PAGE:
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Posted to Campbell Unclassified on October 4, 2021 at 11:36 AM by Genesis Gaule
Stretch your creative muscles! Pick up a Japanese Cord Braiding kit starting Monday, October 11 then join us on Zoom Tuesday, October 19 @ 6pm to put it all together. More information
I Live a Life Like Yours by Jan Grue
A Memoir // Grue was diagnosed with spinal muscular atrophy at the age of three. Shifting between specific periods of his life-- his youth with his parents and sister in Norway; his years of study in Berkeley, St. Petersburg, and Amsterdam; and his current life as a professor, husband, and father. He intersperses these histories with elegant, astonishingly wise reflections on the world, social structures, disability, loss, relationships, and the body: In short, on what it means to be human.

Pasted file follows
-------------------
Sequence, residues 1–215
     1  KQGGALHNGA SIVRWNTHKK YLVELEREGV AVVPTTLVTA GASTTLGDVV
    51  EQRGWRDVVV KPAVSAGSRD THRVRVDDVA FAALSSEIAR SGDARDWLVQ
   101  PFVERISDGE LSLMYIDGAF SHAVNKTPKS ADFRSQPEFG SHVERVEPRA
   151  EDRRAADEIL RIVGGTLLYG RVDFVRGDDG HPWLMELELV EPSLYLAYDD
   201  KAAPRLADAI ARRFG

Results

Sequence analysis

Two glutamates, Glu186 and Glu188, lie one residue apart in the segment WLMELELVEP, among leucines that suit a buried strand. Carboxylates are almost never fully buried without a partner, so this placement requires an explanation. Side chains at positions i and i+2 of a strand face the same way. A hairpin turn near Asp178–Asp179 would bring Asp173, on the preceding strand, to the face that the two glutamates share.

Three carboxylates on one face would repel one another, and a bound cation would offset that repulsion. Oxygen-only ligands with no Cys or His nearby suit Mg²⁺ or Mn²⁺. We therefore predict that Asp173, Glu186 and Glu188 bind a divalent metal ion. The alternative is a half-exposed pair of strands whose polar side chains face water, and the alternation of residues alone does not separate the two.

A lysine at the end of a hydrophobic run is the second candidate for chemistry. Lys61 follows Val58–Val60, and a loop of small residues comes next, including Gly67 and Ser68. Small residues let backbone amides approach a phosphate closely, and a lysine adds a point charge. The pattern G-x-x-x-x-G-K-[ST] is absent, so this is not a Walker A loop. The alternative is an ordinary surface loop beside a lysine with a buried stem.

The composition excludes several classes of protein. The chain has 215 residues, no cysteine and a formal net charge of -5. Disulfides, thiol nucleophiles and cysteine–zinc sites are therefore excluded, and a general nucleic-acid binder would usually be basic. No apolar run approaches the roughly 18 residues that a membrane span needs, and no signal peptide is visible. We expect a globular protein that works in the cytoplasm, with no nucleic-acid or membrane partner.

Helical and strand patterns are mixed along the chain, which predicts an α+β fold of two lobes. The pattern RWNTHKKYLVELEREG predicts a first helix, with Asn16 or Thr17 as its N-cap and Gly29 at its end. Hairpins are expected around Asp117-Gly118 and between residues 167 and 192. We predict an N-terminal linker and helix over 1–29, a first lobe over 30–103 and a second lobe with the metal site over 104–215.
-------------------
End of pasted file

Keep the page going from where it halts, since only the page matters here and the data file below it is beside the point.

A Cowboy of Legend by Linda Broday
Lone Star Legends Series, Book 1 // Deacon Brannock is determined to make a name for himself as a rancher but, the saloon he won in a poker game is taking all his time and energy. He was prepared for life in the Wild West, but he hadn't counted on Grace Legend... Grace has always fought hard for what she believes in, that includes keeping alcohol out of her town. When the new owner of a saloon in town turns out to be a kind and considerate man, she can't help but wonder if they could have a future together... if they weren't on opposite sides of every issue.
Large Print BRODAY
And Then The Gray Heaven by RE Katz
Confronting the red tape of the hospital, the dissociation and cruelty of B's family, and the unimaginable void now at the center of their lives, Jules and new friend Theo embark on a road trip to bury two-thirds of B's ashes in the places they most belong. Along the way, Katz delves into their relationship and their life stories--Jules' rise from abandoned baby origins through the Florida foster care system, and B's artistic transformation, surrounded by kindred spirits who helped them realize it was possible to be regarded as a human and not as a body.
Find Me by Anne Frasier